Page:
response to the significant threats to human health and the environment posed by the continued use of ozone depleting substances (ODS) in the global economy.


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Factsheets
Safe Use of HCFC Alternatives in Refrigeration and Air-Conditioning: Flammable Refrigerants
United Nations Environment Programme

Factsheet: As the phase out of hydrochlorofluorocarbons (HCFCs) progresses, it is expected that there will be a considerably higher uptake, in particular in developing countries of ‘alternative refrigerants’, such as hydrocarbons, ammonia, carbon dioxide, unsaturated hydrofluorocarbons (HFCs) –or HFOs. Many of these alternative refrigerants have particular characteristics in terms of toxicity, flammability and high pressure which are different from those used previously such as chlorofluorocarbons (CFCs) and HCFCs. When refrigeration and air-conditioning equipment is installed, serviced, repaired and dismantled, safety issues need to be carefully evaluated and considered particularly when servicing technicians have to deal with refrigerants with properties that they were previously not familiar with. It is therefore important that the refrigeration and airconditioning industry adapts to both the technical and safety issues concerning these refrigerants.


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Factsheets
Safe Use of HCFC Alternatives in Refrigeration and Air-Conditioning: Higher Pressure Refrigerants
United Nations Environment Programme

As the phase out of hydrochlorofluorocarbons (HCFCs) progresses, it is expected that there will be a considerably higher uptake, in particular in developing countries, of ‘alternative refrigerants’, such as hydrocarbons, ammonia, carbon dioxide, unsaturated hydrofluorocarbons (HFCs) –or HFOs. Many of these alternative refrigerants have particular characteristics in terms of toxicity, flammability and high pressure which are different from those used previously such as chlorofluorocarbons (CFCs) and HCFCs. When refrigeration and air-conditioning equipment is installed, serviced, repaired and dismantled, safety issues need to be carefully evaluated and considered particularly when servicing technicians have to deal with refrigerants with properties that they were previously not familiar with. It is therefore important that the refrigeration and airconditioning industry adapts to both the technical and safety issues concerning these refrigerants.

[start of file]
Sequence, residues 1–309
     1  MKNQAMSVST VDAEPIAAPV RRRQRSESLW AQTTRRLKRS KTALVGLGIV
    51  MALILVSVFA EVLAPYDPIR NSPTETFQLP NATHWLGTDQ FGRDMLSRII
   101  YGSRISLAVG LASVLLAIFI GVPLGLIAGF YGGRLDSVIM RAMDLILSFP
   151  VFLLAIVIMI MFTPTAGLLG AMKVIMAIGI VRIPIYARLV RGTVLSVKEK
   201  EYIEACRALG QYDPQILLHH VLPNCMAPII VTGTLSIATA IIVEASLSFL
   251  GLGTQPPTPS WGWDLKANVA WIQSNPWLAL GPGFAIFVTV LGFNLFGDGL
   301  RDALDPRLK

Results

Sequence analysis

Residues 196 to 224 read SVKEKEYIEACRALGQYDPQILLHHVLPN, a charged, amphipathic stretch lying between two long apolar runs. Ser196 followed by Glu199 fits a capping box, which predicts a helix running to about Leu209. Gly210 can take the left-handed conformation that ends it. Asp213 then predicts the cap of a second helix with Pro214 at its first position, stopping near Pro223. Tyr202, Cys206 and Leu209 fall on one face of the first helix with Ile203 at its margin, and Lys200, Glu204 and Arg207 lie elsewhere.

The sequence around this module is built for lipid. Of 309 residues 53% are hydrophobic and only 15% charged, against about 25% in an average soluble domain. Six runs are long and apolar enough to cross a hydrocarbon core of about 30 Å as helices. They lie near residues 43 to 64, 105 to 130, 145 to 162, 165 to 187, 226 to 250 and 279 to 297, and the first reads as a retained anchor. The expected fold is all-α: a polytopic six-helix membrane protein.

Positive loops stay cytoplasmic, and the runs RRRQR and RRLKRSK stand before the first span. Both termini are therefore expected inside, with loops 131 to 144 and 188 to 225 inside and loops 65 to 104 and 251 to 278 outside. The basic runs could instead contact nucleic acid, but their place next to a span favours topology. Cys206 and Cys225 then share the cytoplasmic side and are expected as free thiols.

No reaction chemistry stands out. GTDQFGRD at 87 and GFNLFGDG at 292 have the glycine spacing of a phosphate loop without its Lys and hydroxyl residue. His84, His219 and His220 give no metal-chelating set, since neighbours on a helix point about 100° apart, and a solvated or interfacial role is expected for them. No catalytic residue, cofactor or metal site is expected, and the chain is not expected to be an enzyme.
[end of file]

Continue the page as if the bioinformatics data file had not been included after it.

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Booklets and Brochures, Factsheets
Green Economy: Briefing Paper: Trade
United Nations Environment Programme

Trade has the potential to drive a green economy by fostering the exchange of environmentally friendly goods and services, increasing resource efficiency, generating economic opportunities and employment, and contributing to poverty eradication. If managed poorly, however, unrestrained trade can contribute to environmental degradation, unsustainable resource use, and increased wealth disparities, all of which hinder a green economy transition and sustainable development objectives.


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Factsheets
Free Trade Zones and trade in ODS - OzonAction Fact Sheet
United Nations Environment Programme

Free Trade Zones” (FTZ), are specifically defined areas within a country where goods may be imported/landed, handled, processed, assembled, manufactured or reconfigured, and re-exported with the companies deriving a wide range of benefits, for example, exemptions from duty and taxes, simplified administrative procedures and duty free imports of raw materials, machinery, parts and equipment. They are generally located around major ports, international airports, and national borders and locations with geographic advantages for trade.